Recently my freshman/sophomore writing class finished a unit on blogging. Students created their blogging personas, created a Sway page, which is a new storytelling app through Office, and dispatched four posts on any topic they chose. Many of our conversations leading up to the summative project centered around how each blog post was, in essence, a mini-argument. All blogs, at their most elemental, say: This is the way the world works or this is the way I see the world working.
To get students thinking critically about current events, I wrote an essential question on the board every morning: Does a political candidate’s religion matter? Are news outlets biased? Should drug addicts be forced into rehab? Why is Donald Trump so popular? Students would then scribble down their thoughts for five minutes, after which they would each read a short article about the topic from The New York Times’ fantastic resource Room for Debate, a topical collection of short articles from all sides of each issue. After reading, students broke out into small groups to unpack their articles for five minutes, then we finally reconvened for a group discussion. The whole process took about 40 minutes of a 90-minute instructional block.
One morning, in particular, we had an interesting conversation about helicopter parents.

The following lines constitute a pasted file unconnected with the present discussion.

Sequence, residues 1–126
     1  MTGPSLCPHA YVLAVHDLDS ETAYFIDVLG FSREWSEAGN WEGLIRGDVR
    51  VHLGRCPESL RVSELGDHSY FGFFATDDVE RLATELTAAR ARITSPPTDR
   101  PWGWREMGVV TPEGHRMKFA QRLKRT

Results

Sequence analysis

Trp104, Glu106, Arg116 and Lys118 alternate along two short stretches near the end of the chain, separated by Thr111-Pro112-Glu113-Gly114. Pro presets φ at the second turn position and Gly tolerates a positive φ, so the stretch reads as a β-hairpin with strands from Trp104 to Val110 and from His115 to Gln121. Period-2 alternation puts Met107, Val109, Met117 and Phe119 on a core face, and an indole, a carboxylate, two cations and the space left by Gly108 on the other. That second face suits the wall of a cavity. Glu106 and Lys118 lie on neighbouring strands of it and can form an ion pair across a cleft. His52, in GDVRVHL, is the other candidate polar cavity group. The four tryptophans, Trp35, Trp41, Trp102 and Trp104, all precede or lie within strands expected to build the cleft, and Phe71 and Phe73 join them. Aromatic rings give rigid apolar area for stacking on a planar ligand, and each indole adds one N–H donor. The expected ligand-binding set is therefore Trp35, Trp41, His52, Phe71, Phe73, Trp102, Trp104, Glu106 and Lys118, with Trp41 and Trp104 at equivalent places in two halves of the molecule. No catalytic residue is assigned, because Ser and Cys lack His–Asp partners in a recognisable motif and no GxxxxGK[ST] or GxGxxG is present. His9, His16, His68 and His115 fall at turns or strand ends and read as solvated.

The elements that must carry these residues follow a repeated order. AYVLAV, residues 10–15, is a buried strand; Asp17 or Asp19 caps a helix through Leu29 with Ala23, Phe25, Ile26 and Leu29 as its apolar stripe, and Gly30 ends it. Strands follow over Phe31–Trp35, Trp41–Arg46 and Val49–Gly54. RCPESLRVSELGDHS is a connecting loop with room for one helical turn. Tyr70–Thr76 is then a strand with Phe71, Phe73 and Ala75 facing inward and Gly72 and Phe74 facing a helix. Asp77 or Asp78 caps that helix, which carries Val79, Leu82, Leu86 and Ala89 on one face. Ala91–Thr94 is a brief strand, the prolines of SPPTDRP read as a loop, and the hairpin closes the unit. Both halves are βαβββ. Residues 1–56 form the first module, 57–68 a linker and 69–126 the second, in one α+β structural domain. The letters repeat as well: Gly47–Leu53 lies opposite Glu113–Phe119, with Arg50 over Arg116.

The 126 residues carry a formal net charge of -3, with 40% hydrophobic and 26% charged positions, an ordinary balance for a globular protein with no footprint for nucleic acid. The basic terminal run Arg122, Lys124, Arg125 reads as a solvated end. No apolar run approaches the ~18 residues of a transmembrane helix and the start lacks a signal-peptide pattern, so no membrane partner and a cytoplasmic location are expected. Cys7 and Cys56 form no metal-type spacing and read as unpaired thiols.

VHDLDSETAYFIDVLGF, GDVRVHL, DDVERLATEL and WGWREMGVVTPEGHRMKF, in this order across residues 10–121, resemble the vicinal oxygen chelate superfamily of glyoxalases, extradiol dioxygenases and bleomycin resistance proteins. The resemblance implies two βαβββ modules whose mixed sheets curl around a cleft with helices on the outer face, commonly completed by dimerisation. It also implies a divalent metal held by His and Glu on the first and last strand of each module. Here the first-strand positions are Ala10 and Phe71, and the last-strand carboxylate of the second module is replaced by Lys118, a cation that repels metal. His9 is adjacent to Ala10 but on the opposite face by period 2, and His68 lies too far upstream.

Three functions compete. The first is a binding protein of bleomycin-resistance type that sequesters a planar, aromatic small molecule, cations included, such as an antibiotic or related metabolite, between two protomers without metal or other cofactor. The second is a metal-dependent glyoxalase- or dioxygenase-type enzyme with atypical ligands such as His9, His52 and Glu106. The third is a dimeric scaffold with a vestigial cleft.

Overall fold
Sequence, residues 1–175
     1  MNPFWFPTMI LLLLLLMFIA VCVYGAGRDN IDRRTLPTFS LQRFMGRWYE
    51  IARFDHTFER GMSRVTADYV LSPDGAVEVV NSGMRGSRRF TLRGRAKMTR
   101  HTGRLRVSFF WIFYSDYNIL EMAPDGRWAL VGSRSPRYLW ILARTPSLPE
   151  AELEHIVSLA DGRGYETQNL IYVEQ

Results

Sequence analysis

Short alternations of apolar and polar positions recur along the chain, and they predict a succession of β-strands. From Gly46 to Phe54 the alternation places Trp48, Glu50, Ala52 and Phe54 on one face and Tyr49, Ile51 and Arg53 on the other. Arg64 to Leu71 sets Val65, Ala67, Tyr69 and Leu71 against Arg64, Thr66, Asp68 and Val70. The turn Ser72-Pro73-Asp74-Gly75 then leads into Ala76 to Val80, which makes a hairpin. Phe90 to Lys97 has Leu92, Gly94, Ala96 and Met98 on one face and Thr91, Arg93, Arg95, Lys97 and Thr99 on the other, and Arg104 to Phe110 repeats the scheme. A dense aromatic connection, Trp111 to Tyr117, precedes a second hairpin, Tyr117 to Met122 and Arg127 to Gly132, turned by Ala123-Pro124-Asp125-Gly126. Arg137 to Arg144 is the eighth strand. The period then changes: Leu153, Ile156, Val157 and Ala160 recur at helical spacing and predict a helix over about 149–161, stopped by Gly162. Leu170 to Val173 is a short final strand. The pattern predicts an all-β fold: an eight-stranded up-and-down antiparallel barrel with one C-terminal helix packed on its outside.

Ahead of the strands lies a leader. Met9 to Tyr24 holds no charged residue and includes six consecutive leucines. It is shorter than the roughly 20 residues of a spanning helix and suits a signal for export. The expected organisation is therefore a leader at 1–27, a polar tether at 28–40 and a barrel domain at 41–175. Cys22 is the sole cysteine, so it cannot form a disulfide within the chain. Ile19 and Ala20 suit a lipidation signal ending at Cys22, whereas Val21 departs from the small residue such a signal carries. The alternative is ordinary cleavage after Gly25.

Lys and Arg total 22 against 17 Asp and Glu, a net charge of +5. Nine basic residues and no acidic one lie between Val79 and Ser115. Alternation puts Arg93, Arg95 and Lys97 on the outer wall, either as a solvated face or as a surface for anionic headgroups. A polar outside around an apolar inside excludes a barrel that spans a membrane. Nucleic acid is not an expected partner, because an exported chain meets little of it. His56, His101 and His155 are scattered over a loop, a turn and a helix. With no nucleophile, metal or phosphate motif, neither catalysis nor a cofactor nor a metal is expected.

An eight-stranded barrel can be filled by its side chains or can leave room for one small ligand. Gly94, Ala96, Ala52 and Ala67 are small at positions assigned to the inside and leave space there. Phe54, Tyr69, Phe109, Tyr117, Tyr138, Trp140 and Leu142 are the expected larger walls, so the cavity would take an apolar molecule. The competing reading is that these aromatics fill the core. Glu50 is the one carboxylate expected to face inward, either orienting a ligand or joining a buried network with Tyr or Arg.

Ruby suggested there was a historical aspect to it: Depression era parents grew up with nothing, so they showered their children with wealth and prosperity. Those children became the Baby Boomers who were self-centered and narcissistic. They gave birth to children who were largely unparented. Those children are now having kids of their own, and because of their childhood rootlessness, they were hypervigilant about child rearing, hence the helicoptering.
“Is every generation in rebellion with the previous one?” David asked.
Nathan commented that it was just the pendulum swing of history.
“Maybe if the pendulum continues to swing eventually the swings will become milder and milder until the pendulum stops and we have the perfect parent,” Michael suggested.
I said, “That sounds like a utopian wish. Is a perfect society possible?”
“No,” Avery said, “we’re all still human.”
Almost every day during this unit, I walked away from my morning class thinking, “I wish politicians could hear these smart, balanced kids.”
What I, and anyone else paying attention to our world this year, have noticed is an extreme polarization of ideology and rhetoric. It’s been an extremely easy year to teach rhetorical fallacies because almost every day, from the left and the right, there are dozens of examples.
But, at the end of the day, like Avery said, we are all still human, and thereby flawed, perhaps unable to become milder and milder, and ultimately “perfect.”
However, my wish for my students, this year and every year, is that they strive toward that balance and harmony. I wish my students, instead of clinging to that wildly swinging ideological plumb, would retain their measured, smart, level-headedness. My New Year’s wish is that they continue to value and develop common sense, hope, balanced thinking, and compassion toward others.
And, in keeping with the blogging unit, I hope they find their voice and speak that into existence.
Happy New Year.